Senate passes patent reform bill

March 8, 2011 | Intellectual Property News

The Senate has passed a patent reform bill that would incorporate several significant changes including a first-to-file system, enlarged post-grant patent review procedures, and many others. Although the bill still faces challenges before being enacted into law, the Senate’s approval in a vote of 95 in favor and 5 opposed suggests a strong likelihood that much of this bill will ultimately be enacted. Among the more significant features are:

First to file. The bill would end the long history in the United States of granting patents to the first to invent, rather than the first to file a patent application. Most other countries around the world follow a system in which patents are awarded to the first inventor to file a patent application even if another patent applicant could prove to have conceived it first.

Grace period. Current law also allows inventors a one-year grace period between the time of any public disclosures of the invention and the date of the patent application. Under this grace period, public disclosures by anyone—whether by the inventor or any third party—do not work against the inventor as long as the inventor conceived of the invention before the public disclosures and the patent application is filed within a year of the disclosures. The patent reform bill would modify this grace period such that the inventor’s own disclosures do not bar patentability, but the application would not get the benefit of a grace period with respect to third party disclosures.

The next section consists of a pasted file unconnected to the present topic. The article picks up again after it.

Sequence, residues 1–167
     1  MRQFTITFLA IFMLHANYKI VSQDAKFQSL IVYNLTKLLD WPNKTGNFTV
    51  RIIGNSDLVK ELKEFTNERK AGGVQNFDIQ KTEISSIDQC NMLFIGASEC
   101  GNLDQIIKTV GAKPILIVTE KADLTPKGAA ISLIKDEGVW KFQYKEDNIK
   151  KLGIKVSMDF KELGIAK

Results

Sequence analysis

False marking. The bill seeks to reduce the flood of false marking litigation by eliminating a provision allowing any member of the public to file such a lawsuit. Instead, only those who can prove to have suffered a competitive injury could assert a false marking claim.

Willful infringement. Recent Federal Circuit Court of Appeals decisions have held that an infringer is liable for enhanced damages and attorneys’ fees if it was aware of the patent and was objectively reckless in proceeding with the infringing activity. The bill essentially codifies this prior law, adding that it must be shown by clear and convincing evidence and that close cases should be resolved against a finding of willfulness.

Post grant review. The bill includes new provisions for “post-grant review” of patents, allowing the public additional mechanisms to challenge the propriety of the granting of a patent.